I was born and grew up in the very south of Brazil, often visiting my family in rural areas of Uruguay. Between these two worlds I learned to appreciate traditional livelihoods and the close contact with nature. I have a bachelor degree in Biology from the University of Pelotas (UFPel) and a master’s degree in Ecology from the University of Campinas (UNICAMP), where I am currently a PhD student in Ecology. My research focuses on a rural social-ecological system in the municipality of São Luís do Paraitinga (São Paulo, Brazil), and my main goal is to generate information for wildlife management in rural landscapes. Since my master’s I have been a member of the Commons Conservation and Management Research Group (CGCommons), at the Environmental Studies and Research Center (NEPAM/UNICAMP). Also since my master’s degree, I have been collaborating with and being supported by the Community Conservation Research Network (CCRN). My research interests include wildlife conservation and management, environmental governance and integrated community-based conservation and development.
Praia do Sono, Paraty, Rio de Janeiro state, Brazil (Master’s degree, 2013-2015)
The study site of my master’s degree was Praia do Sono, whose Caiçara community has around 300 inhabitants. Caiçara are mixed populations of European and Brazilian indigenous descendants. Because the community is 25 km away from the city center and is accessed only by boat or a 1-hour walking trail, fishing, tourism-related activities, and small-scale agriculture account for most of the local livelihoods. The community lives inside the Juatinga State Ecological Reserve (JSER), a no-take protected area created in 1992 to protect the Atlantic Forest and Caiçara culture. Even so, they are not allowed to hunt or grow crops. The “Ecological Reserve” is not a category currently recognized by Brazil’s National System of Protected Areas established by law in 2000. Thus, JSER is currently under a reclassification process. This reclassification is going to have important consequences for the community, as the area may either fall under a more restrictive management system or lead to an arrangement that allows for the sustainable use of natural resources.
São Luís do Paraitinga is a small rural town located in the Paraíba Valley, a mesoregion of São Paulo state, in Brazil. This town has about 10.000 inhabitants, mostly Caipira people. Caipira is one of the most popular and disseminated Brazilian culture, characterized in its majority by people that are born and live in rural areas of different states. Forestry, agriculture, livestock, industry and mining are the most significant land use activities in the Paraíba Valley, which is predominantly covered by the Atlantic forest biome and its associated ecosystems. However, as deforestation has been going on since the beginning of Brazilian colonization, only 23% of its original forest cover remain.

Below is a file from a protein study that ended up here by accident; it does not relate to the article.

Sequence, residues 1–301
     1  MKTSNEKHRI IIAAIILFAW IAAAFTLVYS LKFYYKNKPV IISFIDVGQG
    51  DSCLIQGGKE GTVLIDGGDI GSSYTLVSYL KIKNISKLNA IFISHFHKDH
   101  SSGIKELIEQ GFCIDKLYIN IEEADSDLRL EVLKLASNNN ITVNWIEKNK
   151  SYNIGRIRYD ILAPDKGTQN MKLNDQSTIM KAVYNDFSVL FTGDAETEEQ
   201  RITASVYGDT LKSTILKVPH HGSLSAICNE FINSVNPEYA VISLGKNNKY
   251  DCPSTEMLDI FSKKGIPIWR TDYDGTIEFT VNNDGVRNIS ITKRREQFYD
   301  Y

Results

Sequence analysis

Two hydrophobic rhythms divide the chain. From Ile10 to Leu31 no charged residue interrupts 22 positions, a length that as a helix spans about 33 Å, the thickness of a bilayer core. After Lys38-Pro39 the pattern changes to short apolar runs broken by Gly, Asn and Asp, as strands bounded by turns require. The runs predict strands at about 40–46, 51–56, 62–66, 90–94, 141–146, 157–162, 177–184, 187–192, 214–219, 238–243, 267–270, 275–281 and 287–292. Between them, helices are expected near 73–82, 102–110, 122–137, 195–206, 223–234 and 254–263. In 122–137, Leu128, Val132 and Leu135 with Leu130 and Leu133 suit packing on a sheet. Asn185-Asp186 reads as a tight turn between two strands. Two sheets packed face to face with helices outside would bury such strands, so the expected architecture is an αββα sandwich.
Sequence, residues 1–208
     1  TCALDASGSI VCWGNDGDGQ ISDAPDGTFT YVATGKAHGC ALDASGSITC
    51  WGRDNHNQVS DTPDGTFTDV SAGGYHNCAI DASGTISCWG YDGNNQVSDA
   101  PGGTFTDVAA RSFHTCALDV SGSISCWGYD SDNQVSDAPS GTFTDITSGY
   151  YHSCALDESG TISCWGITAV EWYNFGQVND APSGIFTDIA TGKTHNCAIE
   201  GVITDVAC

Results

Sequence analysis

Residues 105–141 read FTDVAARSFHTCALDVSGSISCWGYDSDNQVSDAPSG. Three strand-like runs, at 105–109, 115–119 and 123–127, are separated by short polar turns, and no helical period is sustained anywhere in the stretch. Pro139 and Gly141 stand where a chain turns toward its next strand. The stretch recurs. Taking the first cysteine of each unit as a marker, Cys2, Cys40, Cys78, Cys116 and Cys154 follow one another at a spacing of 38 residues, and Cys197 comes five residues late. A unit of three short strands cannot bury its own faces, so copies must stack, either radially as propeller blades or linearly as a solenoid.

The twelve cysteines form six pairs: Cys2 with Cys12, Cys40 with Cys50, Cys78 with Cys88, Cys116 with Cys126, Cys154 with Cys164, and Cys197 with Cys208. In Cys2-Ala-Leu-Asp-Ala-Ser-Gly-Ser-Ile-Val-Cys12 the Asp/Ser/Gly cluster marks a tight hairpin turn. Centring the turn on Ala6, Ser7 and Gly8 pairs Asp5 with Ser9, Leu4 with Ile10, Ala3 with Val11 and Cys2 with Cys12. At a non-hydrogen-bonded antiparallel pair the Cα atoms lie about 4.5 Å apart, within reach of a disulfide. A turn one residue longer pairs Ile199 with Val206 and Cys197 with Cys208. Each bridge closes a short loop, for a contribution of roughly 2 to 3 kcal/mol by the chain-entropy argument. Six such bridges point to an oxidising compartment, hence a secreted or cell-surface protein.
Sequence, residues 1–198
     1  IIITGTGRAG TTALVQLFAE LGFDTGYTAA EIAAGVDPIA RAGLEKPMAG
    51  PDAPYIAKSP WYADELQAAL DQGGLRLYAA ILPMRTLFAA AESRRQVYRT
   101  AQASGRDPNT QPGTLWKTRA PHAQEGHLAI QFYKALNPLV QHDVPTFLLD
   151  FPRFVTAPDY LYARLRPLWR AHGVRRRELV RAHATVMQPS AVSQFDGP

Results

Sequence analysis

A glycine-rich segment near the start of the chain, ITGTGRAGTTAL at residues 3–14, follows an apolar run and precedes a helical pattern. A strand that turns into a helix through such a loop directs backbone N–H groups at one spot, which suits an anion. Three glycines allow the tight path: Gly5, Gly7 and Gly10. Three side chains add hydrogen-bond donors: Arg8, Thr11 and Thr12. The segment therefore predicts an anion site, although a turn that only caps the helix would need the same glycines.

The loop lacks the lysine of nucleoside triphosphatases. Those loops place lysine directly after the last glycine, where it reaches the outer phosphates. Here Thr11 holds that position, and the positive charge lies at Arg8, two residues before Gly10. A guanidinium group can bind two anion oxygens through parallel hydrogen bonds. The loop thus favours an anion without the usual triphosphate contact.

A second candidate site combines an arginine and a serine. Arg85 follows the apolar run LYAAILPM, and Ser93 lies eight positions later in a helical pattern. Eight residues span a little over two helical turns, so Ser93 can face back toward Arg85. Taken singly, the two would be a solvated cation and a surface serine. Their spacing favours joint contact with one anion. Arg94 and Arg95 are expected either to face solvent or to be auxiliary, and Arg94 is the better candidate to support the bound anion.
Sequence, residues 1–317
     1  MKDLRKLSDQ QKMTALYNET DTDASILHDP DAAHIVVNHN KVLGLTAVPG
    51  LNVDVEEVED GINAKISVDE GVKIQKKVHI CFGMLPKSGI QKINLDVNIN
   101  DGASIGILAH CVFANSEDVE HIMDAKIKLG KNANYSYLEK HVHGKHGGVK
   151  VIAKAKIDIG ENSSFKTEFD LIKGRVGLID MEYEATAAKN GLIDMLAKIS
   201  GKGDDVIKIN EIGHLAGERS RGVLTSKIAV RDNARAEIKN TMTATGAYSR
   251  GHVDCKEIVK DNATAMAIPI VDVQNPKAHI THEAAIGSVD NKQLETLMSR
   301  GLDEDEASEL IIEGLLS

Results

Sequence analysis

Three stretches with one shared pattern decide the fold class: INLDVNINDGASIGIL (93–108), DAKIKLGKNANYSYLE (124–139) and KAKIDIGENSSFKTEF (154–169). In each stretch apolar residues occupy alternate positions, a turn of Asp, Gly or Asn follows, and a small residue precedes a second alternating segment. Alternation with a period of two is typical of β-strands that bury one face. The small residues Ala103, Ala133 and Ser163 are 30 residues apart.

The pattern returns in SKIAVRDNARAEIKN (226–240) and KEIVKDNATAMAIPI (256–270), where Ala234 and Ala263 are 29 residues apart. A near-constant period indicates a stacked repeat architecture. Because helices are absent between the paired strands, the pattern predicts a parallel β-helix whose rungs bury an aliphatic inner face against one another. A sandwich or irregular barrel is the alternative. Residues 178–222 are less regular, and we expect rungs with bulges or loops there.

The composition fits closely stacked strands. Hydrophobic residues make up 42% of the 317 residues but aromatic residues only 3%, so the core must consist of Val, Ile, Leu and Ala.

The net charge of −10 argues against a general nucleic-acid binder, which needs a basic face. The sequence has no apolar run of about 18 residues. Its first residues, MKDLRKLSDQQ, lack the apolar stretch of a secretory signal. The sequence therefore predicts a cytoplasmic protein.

Master’s research (2013-2015)
During my master’s research, I was interested in the traditional ecological knowledge about wildlife held by the Caiçara people of the community of Praia do Sono. I was especially interested on its potential to provide useful information not only to improve the management of terrestrial natural resources, but also as a contribution to the debate on the reclassification process of the protected area. Additionally, I investigated the possibility of including strategies and actions based on the Ecosystem-based management approach, in the new management proposal resulting from the reclassification. I found that Caiçaras of Praia do Sono community, especially the elders, possess a robust body of traditional ecological knowledge about the wildlife. The most interesting and useful aspects regard the biology and ecology of game mammals, birds and reptiles, hunting weapons and techniques and traditional hunting rules. The manager and the future board of the JSER can use all the knowledge documented and discussed in my master’s thesis to improve the new management proposal of the protected area.
In my PhD research I am interested in understanding how rural people and mammal communities have been affecting one another in the last three decades. I am also interested in understanding how we can integrate mammal conservation with local development in rural landscapes, in a way that such landscapes can also be used as conservation spaces. In short, I intend to generate information to contribute to wildlife management in rural landscapes.